Is it not a strange and humbling and prevalent fact that so few Christians should understand their own Christianity? Yet it is true that there are many brethren in the Lord who know more about the Jews than they do about their own Christianity. Pay close heed to this, lest it be your own case. It is always the truth most important for us which the devil tries to hide away from us, and turn us bitterly from. Nor is it only the bad things that he perverts, to hinder our blessing. For many true believers are kept back because they refuse to look for more than the forgiveness of their sins through the gospel. Now therein is God's righteousness revealed by and to faith; therein the sinner owns the riches of God's grace to his soul: but to stop there is altogether unworthy. And so many saints of God fall into this snare at the present moment, that it is well to see to it that we ourselves escape it. What is the good of occupying ourselves with what does not promote God's glory? Let us seek in all integrity to judge ourselves. Let us zealously seek to be taught of God. Let our eyes be fixed on the Lord that we may be filled with fervour of spirit, and purpose of heart, simple and thorough going. The question for our faith and practice is the attitude that God assumes toward us, and our relation to Him while Christ is above on His own right hand. How is the answer to this great truth to be carried out on the earth in the heart and ways of those who believe? Must it not be through faith working by love?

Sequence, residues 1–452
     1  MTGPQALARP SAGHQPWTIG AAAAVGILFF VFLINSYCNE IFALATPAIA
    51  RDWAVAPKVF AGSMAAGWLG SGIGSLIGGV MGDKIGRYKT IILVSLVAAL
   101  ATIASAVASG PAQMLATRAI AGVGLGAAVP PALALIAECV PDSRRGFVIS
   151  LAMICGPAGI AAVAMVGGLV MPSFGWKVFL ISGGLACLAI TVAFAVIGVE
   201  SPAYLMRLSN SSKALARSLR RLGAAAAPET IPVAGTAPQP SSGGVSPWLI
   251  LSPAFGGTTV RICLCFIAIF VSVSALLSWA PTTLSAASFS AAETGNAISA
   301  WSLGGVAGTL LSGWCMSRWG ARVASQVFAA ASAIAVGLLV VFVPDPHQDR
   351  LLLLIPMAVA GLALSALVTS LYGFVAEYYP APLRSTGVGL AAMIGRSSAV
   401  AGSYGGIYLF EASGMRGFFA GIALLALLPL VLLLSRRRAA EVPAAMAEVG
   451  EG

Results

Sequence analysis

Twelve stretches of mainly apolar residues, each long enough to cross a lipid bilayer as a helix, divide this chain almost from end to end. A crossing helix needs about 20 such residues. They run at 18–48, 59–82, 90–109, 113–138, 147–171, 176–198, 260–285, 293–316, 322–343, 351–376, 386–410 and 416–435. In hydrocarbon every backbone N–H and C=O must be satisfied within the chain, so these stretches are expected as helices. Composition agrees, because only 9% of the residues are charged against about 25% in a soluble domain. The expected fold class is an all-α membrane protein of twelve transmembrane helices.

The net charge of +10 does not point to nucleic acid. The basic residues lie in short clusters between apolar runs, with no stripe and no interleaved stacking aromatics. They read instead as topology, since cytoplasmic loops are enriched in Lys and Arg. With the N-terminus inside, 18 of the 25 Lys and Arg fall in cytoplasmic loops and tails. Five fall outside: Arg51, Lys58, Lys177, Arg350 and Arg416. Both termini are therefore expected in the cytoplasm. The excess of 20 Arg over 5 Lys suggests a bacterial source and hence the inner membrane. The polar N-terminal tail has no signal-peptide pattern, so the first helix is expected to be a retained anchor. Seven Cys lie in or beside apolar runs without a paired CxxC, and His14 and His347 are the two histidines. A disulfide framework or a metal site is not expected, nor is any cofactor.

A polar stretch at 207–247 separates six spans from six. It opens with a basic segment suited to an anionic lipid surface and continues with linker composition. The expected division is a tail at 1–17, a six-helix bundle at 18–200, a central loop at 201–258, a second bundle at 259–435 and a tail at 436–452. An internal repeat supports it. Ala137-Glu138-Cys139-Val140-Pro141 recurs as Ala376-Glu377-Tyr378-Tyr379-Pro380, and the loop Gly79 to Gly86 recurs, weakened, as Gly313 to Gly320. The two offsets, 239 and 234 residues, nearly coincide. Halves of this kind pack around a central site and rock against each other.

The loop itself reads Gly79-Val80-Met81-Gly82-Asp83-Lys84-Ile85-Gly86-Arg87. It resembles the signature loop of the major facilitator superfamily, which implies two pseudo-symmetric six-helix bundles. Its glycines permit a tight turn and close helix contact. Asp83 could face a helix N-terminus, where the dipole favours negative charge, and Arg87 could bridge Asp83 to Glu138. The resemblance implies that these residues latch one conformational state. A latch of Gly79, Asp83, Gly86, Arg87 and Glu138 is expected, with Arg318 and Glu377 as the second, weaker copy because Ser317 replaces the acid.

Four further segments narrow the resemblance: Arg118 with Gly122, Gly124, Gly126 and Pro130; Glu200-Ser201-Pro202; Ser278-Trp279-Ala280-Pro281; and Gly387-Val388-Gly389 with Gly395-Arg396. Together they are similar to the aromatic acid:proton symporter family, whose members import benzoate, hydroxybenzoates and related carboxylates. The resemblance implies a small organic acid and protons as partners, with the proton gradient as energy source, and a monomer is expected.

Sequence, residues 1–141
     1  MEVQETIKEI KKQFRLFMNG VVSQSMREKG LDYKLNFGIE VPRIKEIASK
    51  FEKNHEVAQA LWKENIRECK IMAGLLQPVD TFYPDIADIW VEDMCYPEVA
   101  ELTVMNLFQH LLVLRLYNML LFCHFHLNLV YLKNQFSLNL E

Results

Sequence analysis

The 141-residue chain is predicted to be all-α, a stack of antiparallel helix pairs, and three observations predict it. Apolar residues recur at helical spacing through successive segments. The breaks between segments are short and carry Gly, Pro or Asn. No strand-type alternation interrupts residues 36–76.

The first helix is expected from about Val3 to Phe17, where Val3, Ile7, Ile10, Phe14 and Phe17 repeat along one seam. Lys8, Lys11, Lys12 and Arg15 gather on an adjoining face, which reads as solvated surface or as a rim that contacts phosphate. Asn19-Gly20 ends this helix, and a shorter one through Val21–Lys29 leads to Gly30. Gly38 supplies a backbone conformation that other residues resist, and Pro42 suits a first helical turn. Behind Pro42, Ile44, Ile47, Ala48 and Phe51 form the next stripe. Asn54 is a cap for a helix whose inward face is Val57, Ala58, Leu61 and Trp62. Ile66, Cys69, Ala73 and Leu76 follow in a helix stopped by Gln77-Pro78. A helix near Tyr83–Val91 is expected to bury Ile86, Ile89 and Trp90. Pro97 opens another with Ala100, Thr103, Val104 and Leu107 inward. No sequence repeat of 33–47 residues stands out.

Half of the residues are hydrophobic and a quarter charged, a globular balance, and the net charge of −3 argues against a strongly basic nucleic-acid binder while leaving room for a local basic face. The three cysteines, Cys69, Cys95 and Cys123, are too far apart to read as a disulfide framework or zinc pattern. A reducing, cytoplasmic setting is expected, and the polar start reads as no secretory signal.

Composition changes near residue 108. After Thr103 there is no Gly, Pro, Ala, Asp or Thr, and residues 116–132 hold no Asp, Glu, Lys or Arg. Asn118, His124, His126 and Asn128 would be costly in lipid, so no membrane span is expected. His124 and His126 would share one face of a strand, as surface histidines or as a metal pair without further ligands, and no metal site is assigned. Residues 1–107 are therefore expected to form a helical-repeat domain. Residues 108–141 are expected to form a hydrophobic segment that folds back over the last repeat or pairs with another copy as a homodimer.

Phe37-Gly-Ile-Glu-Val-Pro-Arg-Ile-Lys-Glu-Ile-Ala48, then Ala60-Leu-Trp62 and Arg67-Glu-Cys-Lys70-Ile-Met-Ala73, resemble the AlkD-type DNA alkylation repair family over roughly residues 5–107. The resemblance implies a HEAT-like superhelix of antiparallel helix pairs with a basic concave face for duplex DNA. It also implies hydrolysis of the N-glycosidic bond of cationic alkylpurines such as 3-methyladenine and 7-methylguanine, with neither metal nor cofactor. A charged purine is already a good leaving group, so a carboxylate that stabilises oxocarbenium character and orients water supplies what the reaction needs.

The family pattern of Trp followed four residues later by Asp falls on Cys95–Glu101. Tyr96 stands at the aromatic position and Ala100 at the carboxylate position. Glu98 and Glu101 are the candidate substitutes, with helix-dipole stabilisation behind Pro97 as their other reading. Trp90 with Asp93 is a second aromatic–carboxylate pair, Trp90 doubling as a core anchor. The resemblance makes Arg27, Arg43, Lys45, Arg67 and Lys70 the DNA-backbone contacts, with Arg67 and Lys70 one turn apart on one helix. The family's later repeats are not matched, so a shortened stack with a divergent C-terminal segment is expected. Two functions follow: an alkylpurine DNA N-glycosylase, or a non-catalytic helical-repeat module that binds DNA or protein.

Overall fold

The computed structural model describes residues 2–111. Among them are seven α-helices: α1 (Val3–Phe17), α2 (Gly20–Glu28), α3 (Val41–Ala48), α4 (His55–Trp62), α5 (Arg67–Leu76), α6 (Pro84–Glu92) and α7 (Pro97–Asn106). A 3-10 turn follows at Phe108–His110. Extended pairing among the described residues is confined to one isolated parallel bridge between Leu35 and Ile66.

"Blessed be the God and Father of our Lord Jesus Christ, who hath blessed us." It was His God and Father that raised the Lord Jesus from the dead, and gave Him glory, that our faith and hope should be in God — His Father and our Father, His God and our God. As in the rest of the N.T. it is not the God of Abraham, etc.; but here "the God and Father of our Lord Jesus Christ." It is no longer the revelation of the God of Abraham, of Isaac, and of Jacob; you naturally become more or less of a Jew in this case; and your heart cannot then rise higher than the promises made to the fathers. Hence so many believers now, like the Puritans in former days, talk of grasping the promises. This is to ignore and lower the privileges of the gospel and of the church. It loses sight of Christ in heavenly glory after redemption. Every Christian ought to appreciate the difference. At any rate, the foundation of Christianity is that the most wondrous of all promises is already accomplished. It is no longer the righteousness of God as near to come, or His salvation to be revealed (Isa. 56:1), but His righteousness is come, and His salvation is revealed. This supposes the Lord Himself come, and His work done for our sins, with an entirely new state of things. And this is the new creation in Christ which each believer gets by grace in the gospel. Therein is revealed the righteousness of God, and thereby salvation is no longer a hope, save for the body, but a reality now also brought into the soul. This reminds me of a text much misunderstood in the Acts of the Apostles (Acts 11:14). Cornelius in Caesarea was to send for Peter at Joppa, who should tell him words whereby he and all his house should be "saved." It was not merely, nor at all, words by which he should be "converted." Cornelius already was as much converted as you. He was as truly born again as anyone in Jerusalem. The chapter before describes him as devout and God-fearing, as a man that gave much alms, and praying to God always. Well for you and me to be in these respects, his match, if not his superiors. It is a total error to regard Cornelius then as a self-righteous person. This is the effect of ordinary Evangelicalism, Calvinistic no less than Arminian; because they alike confound conversion with the soul's salvation. It is theology, not the gospel. The N.T. makes the difference known.